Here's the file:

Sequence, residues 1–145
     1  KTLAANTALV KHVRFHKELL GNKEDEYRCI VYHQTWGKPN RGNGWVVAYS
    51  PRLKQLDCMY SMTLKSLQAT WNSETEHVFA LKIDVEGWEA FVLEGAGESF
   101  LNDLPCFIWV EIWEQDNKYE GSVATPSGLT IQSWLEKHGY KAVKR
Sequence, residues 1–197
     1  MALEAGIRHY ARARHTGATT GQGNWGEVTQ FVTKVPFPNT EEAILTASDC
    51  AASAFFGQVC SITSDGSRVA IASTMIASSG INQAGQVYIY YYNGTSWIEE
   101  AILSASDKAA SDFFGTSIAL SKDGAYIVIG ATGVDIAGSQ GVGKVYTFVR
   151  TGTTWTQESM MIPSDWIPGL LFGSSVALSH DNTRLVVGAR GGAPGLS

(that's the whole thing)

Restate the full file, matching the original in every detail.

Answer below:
Sequence, residues 1–145
     1  KTLAANTALV KHVRFHKELL GNKEDEYRCI VYHQTWGKPN RGNGWVVAYS
    51  PRLKQLDCMY SMTLKSLQAT WNSETEHVFA LKIDVEGWEA FVLEGAGESF
   101  LNDLPCFIWV EIWEQDNKYE GSVATPSGLT IQSWLEKHGY KAVKR
Sequence, residues 1–197
     1  MALEAGIRHY ARARHTGATT GQGNWGEVTQ FVTKVPFPNT EEAILTASDC
    51  AASAFFGQVC SITSDGSRVA IASTMIASSG INQAGQVYIY YYNGTSWIEE
   101  AILSASDKAA SDFFGTSIAL SKDGAYIVIG ATGVDIAGSQ GVGKVYTFVR
   151  TGTTWTQESM MIPSDWIPGL LFGSSVALSH DNTRLVVGAR GGAPGLS